“So it may well be some people thought, ‘well she might have lived longer’, but 47 wasn’t bad.”

last updated: 04/09/2009 at 09:34

created: 07/07/2009



The story about Deborah as documented by Tony Wadsworth can be heard by clicking on this link and following the links within the story:


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John Mosiman 1931-2012

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John Mosiman bore a strong family resemblance to both of his biological parents and brothers.

John Mosiman


 John Mosiman was an uncle I never met and did not know much of anything about until I began my family history research. It broke my heart to know I had an uncle I never knew and cousins I never knew living in Texas. I had no other cousins or uncles on my father’s side of the family tree. I reached out to John Mosiman in the final years of his life, when I finally located him. I thought my father would be overjoyed to be in touch with John as he had mentioned him in a kind a loving way. I thought John would be happy to connect with my father, but, I think maybe my reaching out to him via e-mail was a great shock to him. I’ve saved those e-mails. They mean the world to me, however, frankly, I desperately wanted to meet him and his family. That was never to be.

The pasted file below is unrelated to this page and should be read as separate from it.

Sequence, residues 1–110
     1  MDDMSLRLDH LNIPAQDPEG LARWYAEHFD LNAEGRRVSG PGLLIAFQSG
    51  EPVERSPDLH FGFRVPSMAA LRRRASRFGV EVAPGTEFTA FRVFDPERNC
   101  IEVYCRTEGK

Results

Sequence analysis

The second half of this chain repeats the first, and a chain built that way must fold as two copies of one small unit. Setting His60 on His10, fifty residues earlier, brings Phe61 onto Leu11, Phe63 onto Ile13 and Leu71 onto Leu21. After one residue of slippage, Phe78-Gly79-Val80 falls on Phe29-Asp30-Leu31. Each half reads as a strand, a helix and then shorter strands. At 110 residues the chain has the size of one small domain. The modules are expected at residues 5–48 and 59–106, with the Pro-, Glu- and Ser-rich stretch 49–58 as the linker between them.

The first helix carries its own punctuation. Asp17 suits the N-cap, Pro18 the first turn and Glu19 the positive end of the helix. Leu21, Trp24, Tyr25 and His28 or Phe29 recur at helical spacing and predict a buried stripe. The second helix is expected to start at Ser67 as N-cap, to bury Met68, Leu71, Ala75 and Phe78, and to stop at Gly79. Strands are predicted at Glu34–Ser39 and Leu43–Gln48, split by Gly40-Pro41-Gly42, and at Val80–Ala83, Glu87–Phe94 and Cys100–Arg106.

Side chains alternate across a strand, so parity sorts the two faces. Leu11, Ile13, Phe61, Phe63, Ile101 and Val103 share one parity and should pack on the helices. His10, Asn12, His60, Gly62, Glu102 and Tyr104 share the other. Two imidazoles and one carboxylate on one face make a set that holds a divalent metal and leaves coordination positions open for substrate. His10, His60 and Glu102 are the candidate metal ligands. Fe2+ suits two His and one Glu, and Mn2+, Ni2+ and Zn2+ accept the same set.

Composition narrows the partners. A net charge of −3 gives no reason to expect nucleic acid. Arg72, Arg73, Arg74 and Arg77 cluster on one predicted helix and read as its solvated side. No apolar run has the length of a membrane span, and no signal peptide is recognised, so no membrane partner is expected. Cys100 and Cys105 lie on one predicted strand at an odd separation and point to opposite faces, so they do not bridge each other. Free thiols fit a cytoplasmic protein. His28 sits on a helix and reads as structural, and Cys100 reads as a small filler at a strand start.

I gave my father John’s contact information and I gave John my father’s contact information urging them to reach out to each other. I felt certain they would because of their strong religious faith and dedication to family. I was concerned that due to their age, one would pass and they would never have the opportunity to meet. And that is just what happened. It just hurt my heart so much. I had felt my Grandmother Helen holding my hand as I did this work of reunification of the two brothers. A few years have passed and I still hurt to have had this experience. I have learned you can’t fix some things, especially when it comes to broken family relations. I have let go and let God…

My father had noted in his family history notes he had a brother that was placed for adoption at birth. My mother had told me that my father had had a brother born before him in Chicago when my grandfather, Wilder Morris Bosworth, was in dental school. She told me my grandfather made my Grandmother Helen give him up for adoption. This is still a bit of a mystery to me because my father was born a year later and they raised him and another brother after this adoption took place.